After hearing tragic stories of kids getting exposed and addicted to pornography, Kristen wrote Good Pictures Bad Pictures; Porn-Proofing Today’s Young Kids to fill a much-needed resource gap.

“It all started when I received a late night phone call from a traumatized mother who told me about her 17-year-old son. He had been sexually molesting his younger siblings—imitating the pornography he’d been viewing from the time he was in elementary school. The next morning I searched for a children’s book to explain the dangers of pornography addiction and provide an action plan for how to keep kids safe online.  But I couldn’t find any. So I linked arms with my dear friend and licensed psychologist, Dr. Gail Poyner and we wrote Good Pictures Bad Pictures to fill this much-needed resource gap.” 

Learning How To Check Cookies Isn’t Enough

Anne:  Why did you start Protect Young Minds?

Kristen: I started Protect Young Minds to begin educating parents about the risks of their young children seeing pornography.  So many parents are not aware of how young  children are when they begin seeing it and how accessible it has become.  Also, I was writing my best selling book Good Pictures Bad Pictures. I have a friend who called me one night and started pouring out her heart.  Her 17-year-old son was molesting his siblings and was involved in pornography. When she called me and told me this sad, tragic story, because not only did he have to leave the family and go into a program and be prosecuted, the younger children had to go into counseling–and I realized what a huge trauma this was. When it got out to their friends, the kids became more isolated because no one wanted their kids to play with them. When I woke up the next morning after hearing her story, I realized there needed to be a resource to help parents teach their young children about this danger.  So I went on line and did searches and I could not find anything.  I began doing research and felt compelled to write this book. I thought, “Even if it’s for my own future grandchildren, there needs to be a resource out there.”  Happily, it became a number one bestseller on Amazon and it’s growing and growing and getting out there!  We are really happy that it is helping so many families.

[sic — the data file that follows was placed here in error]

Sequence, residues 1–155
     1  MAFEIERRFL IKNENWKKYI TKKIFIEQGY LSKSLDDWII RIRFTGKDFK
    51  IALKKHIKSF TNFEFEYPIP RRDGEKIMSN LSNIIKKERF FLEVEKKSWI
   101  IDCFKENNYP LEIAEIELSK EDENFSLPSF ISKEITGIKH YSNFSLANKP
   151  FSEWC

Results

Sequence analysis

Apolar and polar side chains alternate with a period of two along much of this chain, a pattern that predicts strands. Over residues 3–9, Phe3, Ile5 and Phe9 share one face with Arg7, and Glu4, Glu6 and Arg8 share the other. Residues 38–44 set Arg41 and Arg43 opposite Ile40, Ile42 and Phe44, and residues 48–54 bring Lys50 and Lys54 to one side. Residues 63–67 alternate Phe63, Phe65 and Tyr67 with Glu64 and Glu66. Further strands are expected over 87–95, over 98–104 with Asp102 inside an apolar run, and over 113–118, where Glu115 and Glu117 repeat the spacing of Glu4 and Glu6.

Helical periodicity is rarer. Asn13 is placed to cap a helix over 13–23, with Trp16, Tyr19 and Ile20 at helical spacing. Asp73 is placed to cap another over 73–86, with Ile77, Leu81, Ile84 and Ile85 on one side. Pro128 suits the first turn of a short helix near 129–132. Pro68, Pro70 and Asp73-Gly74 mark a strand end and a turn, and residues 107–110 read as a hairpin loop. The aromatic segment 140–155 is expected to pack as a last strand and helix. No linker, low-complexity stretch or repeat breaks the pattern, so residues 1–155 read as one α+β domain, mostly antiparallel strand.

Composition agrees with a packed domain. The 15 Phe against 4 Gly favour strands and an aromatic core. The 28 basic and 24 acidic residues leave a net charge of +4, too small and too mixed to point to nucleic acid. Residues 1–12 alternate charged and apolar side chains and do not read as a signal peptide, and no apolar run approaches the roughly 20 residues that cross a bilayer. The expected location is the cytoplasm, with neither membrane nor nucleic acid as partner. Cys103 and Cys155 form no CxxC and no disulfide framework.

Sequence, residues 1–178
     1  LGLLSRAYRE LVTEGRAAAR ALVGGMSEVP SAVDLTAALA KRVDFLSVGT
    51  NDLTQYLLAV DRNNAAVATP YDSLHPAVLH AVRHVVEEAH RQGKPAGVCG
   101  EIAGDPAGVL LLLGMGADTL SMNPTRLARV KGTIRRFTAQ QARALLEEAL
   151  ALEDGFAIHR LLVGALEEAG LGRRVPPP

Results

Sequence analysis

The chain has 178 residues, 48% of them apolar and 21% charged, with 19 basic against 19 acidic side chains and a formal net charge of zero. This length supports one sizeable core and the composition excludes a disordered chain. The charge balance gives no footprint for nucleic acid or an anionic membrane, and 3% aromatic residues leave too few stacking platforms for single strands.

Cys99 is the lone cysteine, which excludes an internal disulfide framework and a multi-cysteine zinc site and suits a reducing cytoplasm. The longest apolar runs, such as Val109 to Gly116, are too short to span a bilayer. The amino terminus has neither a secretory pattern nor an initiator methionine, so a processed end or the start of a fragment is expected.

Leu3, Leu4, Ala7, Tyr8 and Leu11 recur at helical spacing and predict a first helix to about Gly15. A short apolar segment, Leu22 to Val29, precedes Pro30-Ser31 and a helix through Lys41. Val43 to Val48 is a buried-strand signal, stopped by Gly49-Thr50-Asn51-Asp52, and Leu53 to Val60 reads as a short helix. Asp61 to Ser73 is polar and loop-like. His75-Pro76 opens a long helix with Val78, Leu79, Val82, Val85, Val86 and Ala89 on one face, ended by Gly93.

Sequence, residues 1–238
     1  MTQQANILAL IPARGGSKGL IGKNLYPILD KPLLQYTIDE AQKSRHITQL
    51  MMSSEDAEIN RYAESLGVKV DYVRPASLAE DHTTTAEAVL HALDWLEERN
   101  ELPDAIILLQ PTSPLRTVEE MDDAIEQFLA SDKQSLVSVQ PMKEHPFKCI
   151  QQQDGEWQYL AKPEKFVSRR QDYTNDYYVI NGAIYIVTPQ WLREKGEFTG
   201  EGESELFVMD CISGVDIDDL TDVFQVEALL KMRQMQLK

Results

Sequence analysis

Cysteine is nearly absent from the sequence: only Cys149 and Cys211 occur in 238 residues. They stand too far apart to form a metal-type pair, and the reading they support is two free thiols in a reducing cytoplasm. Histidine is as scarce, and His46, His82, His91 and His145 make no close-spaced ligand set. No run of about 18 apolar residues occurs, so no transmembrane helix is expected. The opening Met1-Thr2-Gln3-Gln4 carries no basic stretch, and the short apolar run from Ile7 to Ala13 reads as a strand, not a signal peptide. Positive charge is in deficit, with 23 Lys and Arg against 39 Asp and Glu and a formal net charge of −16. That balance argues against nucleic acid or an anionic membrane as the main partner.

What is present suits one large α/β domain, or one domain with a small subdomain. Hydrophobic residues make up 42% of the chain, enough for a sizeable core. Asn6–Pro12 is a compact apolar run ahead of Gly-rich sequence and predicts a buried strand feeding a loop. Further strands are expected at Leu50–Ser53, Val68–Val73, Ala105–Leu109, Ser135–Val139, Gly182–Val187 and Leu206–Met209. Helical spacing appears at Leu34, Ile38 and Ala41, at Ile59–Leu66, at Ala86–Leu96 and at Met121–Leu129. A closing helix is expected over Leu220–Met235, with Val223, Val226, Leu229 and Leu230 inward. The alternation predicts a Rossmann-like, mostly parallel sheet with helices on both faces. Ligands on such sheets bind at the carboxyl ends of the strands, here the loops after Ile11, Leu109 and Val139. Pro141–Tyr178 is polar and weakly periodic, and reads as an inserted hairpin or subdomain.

Anne:  It’s on our bookshelf and sometimes we pull it out and talk about it.  My son talks about his frontal lobe and if he’s throwing a fit I’ll tell him his frontal lobe isn’t working.  He’ll say, “Let me reattach it!” So is your book for kids or parents?

Kristen: Both! I have parents tell me all the time that they learn as much from it as their kids are because what we are trying to do is start a conversation.  It’s a read-aloud book that gives parents a script.  You and I inherited scripts from our parents to deal with certain problems. When I was a child and I got bullied or teased, my mother had a script that she got from her mother. She told me, “Kill them with kindness. Don’t let them see this bother you.” This is a script that she learned from her mother. But we don’t have any scripts about the reality of internet pornography. Parents don’t have a script in dealing with this so I thought, “I will write a script.”  It took us 3 years.  It models a proactive approach so that parents get in there and begin the conversation, hopefully before their children are exposed or soon after so that they know how to process it and respond.    

Kristen:  The first year we sold the book I thought our sales would plummet in December because who wants to think about this during the holiday? But actually they went up a little because people were giving this as a gift. I’ve heard from so many that they give this as a gift. I want to tell you a few of the things we do in the book for parents.There are five things: